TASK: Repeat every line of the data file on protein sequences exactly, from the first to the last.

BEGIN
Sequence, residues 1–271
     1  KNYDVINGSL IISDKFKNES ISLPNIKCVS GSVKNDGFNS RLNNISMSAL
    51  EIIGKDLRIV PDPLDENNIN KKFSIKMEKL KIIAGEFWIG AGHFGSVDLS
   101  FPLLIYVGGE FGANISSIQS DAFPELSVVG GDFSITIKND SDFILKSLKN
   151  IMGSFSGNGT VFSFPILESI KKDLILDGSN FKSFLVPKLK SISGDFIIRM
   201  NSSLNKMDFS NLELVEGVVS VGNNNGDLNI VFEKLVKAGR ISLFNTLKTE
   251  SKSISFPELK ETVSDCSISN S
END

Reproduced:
Sequence, residues 1–271
     1  KNYDVINGSL IISDKFKNES ISLPNIKCVS GSVKNDGFNS RLNNISMSAL
    51  EIIGKDLRIV PDPLDENNIN KKFSIKMEKL KIIAGEFWIG AGHFGSVDLS
   101  FPLLIYVGGE FGANISSIQS DAFPELSVVG GDFSITIKND SDFILKSLKN
   151  IMGSFSGNGT VFSFPILESI KKDLILDGSN FKSFLVPKLK SISGDFIIRM
   201  NSSLNKMDFS NLELVEGVVS VGNNNGDLNI VFEKLVKAGR ISLFNTLKTE
   251  SKSISFPELK ETVSDCSISN S